Tristan Begg brought diversity to the show with his bagpipe performance.
Tristan Begg brought diversity to the show with his bagpipe performance. Photos by Jenna Purcell | City on a Hill Press

Wednesday Jan. 21, the infamous date of the “Lost” premiere, for many marked an evening of staying in and snuggling with fellow die-hards. While the majority of campus was enveloped by shipwreck fanaticism, enough students to occupy every couch, chair, lap, and table of the Stevenson Coffee House crammed into the cozy café for the kickoff of a different season: winter quarter’s open mic nights.

For Sam Morrow, a third-year guitarist from Cowell and veteran of the open mic nights, the mammoth audience is characteristic of the shows.

“The crowd is always packed,” said Morrow after crooning a self-composed guitar solo. “It’s very friendly and nice to see familiar faces in the audience. The [Stevenson Coffee Shop] staff is very supportive too, it’s just a great atmosphere.”

Apparently, Morrow is one of many aspiring talents drawn to the shows’ allure. According Jonathan Reimer, the shows’ organizer and MC, performers can’t get enough of the popular venue.

“We post a [sign-up] list that allows for 20 acts. We usually end up with at least 26 or 27,” Reimer said.

Reimer, who began producing the shows last year, organizes around three shows each quarter, striving to have one each month. He was inspired to begin the open mic nights upon noticing the array of untapped flair in the UCSC community.

“There are so many talented voices that want and need to be heard,” Reimer said. “The amount of performers here shows that there aren’t enough ways for them to be heard.”

Although many of the artistic voices heard that night were well-rehearsed virtuosos, the mood remained casual. For Ben Einstein and Derek Burl, both second-year Stevenson students, this is ideal.

Alexandra Scarf and Wesley Thrailkill perform at the Stevenson Open Mic Night.

“This is really the only place we can get away with not practicing very much,” Burl admitted with a grin.

The guitar and bongo duo known as “The Manpartment,” a self-proclaimed non-band, refers to themselves instead as “a collection of dudes who play instruments.” The dudes pride themselves in taking well-known songs and tweaking the lyrics for an original flavor.

Act’s like The Manpartment’s seemed to do the trick for audience member and Stevenson first-year Carol Wilson.

“I think this is great,” Wilson said. “There’s so much talent here, and it’s really nice to see [the performers] outside of the classroom situation.”

For fellow audience member Brey Foltyn, also a Stevenson first-year, the change in context was not enough to mask the acoustic guitar frenzy on campus.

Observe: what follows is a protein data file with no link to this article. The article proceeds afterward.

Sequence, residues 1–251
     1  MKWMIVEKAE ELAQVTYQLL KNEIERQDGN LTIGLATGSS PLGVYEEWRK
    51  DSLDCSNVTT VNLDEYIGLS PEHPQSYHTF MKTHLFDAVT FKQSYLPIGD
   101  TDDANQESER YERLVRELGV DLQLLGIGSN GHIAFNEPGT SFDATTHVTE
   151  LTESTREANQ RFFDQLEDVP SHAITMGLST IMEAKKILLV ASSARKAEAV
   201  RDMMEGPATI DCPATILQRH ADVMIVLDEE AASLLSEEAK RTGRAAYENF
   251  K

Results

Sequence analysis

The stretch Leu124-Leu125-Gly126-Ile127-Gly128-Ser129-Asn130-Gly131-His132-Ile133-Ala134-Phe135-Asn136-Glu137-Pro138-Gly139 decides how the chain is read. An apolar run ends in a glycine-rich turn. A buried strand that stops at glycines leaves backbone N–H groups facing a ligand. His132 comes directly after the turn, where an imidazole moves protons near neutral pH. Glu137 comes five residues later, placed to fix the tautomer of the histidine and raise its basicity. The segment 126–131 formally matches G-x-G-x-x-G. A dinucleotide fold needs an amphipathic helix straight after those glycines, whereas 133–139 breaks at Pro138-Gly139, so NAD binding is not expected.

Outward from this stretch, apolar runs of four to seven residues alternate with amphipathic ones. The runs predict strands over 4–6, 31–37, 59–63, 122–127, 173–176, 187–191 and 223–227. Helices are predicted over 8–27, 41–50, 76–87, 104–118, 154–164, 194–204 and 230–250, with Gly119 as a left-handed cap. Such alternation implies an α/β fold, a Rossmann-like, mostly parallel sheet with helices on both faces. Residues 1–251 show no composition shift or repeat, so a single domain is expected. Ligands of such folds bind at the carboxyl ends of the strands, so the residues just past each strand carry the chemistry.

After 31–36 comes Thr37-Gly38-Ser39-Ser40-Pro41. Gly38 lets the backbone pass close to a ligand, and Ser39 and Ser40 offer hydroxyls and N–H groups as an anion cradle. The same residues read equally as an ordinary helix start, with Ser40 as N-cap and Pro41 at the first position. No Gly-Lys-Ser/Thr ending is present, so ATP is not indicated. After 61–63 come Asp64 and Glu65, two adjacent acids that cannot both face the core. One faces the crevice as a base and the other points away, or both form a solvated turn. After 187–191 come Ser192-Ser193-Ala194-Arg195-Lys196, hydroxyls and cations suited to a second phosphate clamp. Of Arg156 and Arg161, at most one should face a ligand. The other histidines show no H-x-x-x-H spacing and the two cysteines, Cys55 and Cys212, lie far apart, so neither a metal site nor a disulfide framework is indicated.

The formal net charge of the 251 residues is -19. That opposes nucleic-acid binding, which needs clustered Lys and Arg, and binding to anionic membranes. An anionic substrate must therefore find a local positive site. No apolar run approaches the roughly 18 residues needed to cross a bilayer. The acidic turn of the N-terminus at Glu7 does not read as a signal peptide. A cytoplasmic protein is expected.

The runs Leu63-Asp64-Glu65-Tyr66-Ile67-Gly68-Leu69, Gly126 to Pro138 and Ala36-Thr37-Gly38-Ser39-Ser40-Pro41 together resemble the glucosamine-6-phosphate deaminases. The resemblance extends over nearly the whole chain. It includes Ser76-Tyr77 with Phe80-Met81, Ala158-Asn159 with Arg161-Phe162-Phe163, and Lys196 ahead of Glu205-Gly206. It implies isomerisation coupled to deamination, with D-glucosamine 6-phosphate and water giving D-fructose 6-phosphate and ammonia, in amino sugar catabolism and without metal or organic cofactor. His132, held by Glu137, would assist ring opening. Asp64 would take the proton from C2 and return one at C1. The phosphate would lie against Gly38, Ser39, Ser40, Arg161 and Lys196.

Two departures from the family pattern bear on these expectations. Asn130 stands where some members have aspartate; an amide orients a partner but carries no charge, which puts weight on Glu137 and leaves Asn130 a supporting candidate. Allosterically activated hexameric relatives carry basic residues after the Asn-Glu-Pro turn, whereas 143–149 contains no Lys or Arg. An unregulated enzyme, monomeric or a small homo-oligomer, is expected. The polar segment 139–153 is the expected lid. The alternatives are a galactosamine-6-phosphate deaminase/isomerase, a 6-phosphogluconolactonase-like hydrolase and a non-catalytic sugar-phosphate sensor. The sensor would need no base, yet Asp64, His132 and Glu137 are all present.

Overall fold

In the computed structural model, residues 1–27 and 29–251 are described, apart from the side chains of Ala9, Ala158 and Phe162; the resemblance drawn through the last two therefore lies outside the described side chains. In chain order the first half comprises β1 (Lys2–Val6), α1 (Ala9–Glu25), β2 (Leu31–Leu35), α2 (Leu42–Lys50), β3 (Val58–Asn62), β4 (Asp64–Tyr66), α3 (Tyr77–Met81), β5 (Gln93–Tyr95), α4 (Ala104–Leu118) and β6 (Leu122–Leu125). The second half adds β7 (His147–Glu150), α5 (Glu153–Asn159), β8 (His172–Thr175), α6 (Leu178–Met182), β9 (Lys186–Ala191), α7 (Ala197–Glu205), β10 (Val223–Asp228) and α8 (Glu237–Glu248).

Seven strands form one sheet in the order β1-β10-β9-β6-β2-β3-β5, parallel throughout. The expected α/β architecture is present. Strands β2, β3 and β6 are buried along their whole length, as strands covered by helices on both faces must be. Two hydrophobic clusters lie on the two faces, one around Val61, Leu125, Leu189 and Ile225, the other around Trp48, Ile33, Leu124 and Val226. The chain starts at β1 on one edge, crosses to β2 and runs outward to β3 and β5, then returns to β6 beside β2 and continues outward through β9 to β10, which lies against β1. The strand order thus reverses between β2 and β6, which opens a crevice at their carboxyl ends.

“This is cool, but I think there are too many guitarists,” Foltyn said while gesturing to the back wall lined with Martin and Epiphone-toting performers in waiting. “I think it’d be nice to see more variety.”

Ask and you shall receive. As the show continued, an array of guitar-less acts sprang up, including a bagpipe solo, slam poetry, and stand-up comedian Nathan Habib. A first-year from Cowell and seasoned performer, Habib killed the crowd with relatable humor oozing cynical charm.

Guitarist Ben Greenlee dedicates Jason Mraz's "I'm Yours" to audience member Deirdra Angelucci.

“Performing at open mic nights is so much fun,” Habib said. “It’s different from performing at clubs, there’s more of a connection with people my own age. I get to say all the things I know everyone is thinking, and if they laugh, it’s because it’s true.”

During his set, along with jabs at the inauguration, Abercrombie and Fitch, and of course, girls, Habib also expressed animosity toward the abundance of guitarists, lamenting their uncanny ability to woo the opposite sex.

To further prove Habib’s point later in the show, Stevenson first-year and guitarist Ben Greenlee dedicated his rendition of Jason Mraz‘s “I’m Yours” to a smitten Deirdra Angelucci, a “girl he’s been falling for.” The performance, and enamored embrace following, provoked a chorus of “awws” and whistles as the two left giggling.

According to Burl, these sort of responses are what make the Stevenson open mic nights so appealing.

“It’s a great way for everyone to get to know each other, especially the freshman class,” Burl said. “You’ve got this nice community of musicians and artists. If you have a talent, it’s a good way to share it with your peers.” He laughed. “We’re all about sharing here at the Stevenson Coffee Shop.”